Friday, September 9, 2016

Dorothy Must Die - Danielle Paige

Summary: I didn't ask for any of this. I didn't ask to be some kind of hero.

But when your whole life gets swept up by a tornado - taking you with it - you have no choice but to go along, you know?

Sure, I've read the books. I've seen the movies. I know the song about the rainbow and the happy little bluebirds. But I never expected Oz to look like this. To be a place where Good Witches can't be trusted, Wicked Witches may just be the good guys, and winged monkeys can be executed for acts of rebellion. There's still a yellow brick road - but even that's crumbling.

What happened? Dorothy.

They say she found a way to come back to Oz. They say she seized power and the power went to her head. And now no one is safe.

My name is Amy Gumm - and I'm the other girl from Kansas.

I've been recruited by the Revolutionary Order of the Wicked.

I've been trained to fight.

And I have a mission.

Summary and image from

Review:  Amy is a misfit.  She doesn’t fit in at school, which just suspended her for fighting with a pregnant girl (who totally threw the first punch).  She doesn’t fit in at home, where her mom cares more for her rat and her addictions than for Amy.  She can’t wait to get out of Kansas someday, but how, when her life is going nowhere?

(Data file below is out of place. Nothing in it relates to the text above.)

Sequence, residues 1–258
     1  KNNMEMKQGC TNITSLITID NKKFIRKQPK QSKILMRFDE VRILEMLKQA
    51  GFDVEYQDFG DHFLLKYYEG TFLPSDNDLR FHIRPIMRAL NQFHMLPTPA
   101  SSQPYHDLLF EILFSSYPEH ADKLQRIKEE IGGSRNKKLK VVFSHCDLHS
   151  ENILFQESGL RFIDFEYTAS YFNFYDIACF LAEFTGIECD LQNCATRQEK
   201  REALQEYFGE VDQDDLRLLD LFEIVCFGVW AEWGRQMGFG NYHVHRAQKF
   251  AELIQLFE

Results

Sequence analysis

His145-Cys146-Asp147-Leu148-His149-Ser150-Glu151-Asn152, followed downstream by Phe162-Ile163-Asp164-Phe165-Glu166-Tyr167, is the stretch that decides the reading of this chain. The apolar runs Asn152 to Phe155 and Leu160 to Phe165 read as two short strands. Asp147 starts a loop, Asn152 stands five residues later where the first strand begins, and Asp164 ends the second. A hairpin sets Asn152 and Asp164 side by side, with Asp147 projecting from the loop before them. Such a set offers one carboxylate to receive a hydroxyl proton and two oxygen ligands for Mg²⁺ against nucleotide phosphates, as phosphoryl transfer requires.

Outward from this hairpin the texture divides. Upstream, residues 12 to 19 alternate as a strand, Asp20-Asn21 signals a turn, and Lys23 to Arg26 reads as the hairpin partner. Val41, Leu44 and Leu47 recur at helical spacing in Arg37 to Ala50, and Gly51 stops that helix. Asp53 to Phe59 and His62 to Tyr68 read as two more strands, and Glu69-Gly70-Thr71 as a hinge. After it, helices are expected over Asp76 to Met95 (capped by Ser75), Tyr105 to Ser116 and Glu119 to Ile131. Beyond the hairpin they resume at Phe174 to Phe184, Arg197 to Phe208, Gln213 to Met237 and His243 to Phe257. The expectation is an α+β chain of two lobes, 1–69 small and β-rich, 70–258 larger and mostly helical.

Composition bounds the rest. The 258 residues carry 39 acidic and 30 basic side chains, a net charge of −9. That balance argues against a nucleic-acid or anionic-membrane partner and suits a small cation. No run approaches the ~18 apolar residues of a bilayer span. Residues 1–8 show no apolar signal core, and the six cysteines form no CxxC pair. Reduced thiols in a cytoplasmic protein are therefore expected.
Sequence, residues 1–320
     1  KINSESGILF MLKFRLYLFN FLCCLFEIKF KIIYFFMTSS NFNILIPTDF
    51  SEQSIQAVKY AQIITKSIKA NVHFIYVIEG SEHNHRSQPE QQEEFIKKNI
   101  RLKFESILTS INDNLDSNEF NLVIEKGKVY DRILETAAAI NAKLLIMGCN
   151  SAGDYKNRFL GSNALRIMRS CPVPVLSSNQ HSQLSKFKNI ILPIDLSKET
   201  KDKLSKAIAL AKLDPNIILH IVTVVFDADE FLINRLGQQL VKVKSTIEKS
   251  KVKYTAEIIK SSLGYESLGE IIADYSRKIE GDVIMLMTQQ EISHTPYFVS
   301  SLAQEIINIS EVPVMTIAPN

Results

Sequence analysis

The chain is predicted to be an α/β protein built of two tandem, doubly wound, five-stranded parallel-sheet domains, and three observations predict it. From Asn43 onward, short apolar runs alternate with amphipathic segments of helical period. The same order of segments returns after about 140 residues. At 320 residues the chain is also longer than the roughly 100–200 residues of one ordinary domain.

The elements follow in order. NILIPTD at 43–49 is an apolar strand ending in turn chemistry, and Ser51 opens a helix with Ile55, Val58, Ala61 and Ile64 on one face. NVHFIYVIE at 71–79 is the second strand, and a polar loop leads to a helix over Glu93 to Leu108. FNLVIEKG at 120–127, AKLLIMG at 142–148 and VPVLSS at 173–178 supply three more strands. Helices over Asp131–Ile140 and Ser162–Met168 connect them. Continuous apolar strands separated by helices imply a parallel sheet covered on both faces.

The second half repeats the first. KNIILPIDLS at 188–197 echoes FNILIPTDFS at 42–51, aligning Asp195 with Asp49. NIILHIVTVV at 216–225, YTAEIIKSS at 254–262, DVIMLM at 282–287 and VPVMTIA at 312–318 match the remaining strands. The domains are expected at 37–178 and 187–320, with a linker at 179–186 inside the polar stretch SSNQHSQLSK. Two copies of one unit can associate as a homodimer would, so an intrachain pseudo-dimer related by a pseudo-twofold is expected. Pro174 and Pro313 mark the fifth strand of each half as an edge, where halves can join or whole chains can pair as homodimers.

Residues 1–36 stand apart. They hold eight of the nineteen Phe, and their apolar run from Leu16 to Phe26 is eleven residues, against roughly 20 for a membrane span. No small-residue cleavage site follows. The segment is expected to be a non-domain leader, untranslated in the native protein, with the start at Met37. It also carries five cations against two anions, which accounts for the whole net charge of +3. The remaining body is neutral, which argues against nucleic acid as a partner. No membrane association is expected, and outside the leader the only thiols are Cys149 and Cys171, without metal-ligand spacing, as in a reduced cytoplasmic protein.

Again, cue the tornado. 

Before she knows it, her trashy little trailer is being swept up in a twister and she lands in an unfamiliar land.  It’s weird here.  It’s definitely Oz … so why is it all … wrong?

Paige has taken a childhood favorite and turned it on its ear.  By addressing the power of the magic in Oz, what it may do to outsiders, and how Oz would inevitably fight back from its destruction, she has crafted a story that was very entertaining.  Paige’s main character has to address her own moral compass, what defines good and evil, and whether she is willing to join up with a cause that might destroy her for a land she’d never thought real.  

This was a very interesting take on the ‘Bad is Good’ theory that is cropping up more and more.  As a fan of the original series, I did appreciate the appearance of some of the more true-to-series characters, while marveling at the creative manner in which the Oldies-but-Goodies are portrayed.  While some of them were a stretch for my imagination, Paige’s alternative portrayal of Glinda was frighteningly believable.

This had more language than I thought necessary, but it didn’t stop me from running out and checking out the second book.

Rating: Three stars (language)

 For the Sensitive Reader: Language.  Torture.  Magical and medical experimentation.  Definitely for a more mature YA audience.  Also, Dorothy is totally evil.

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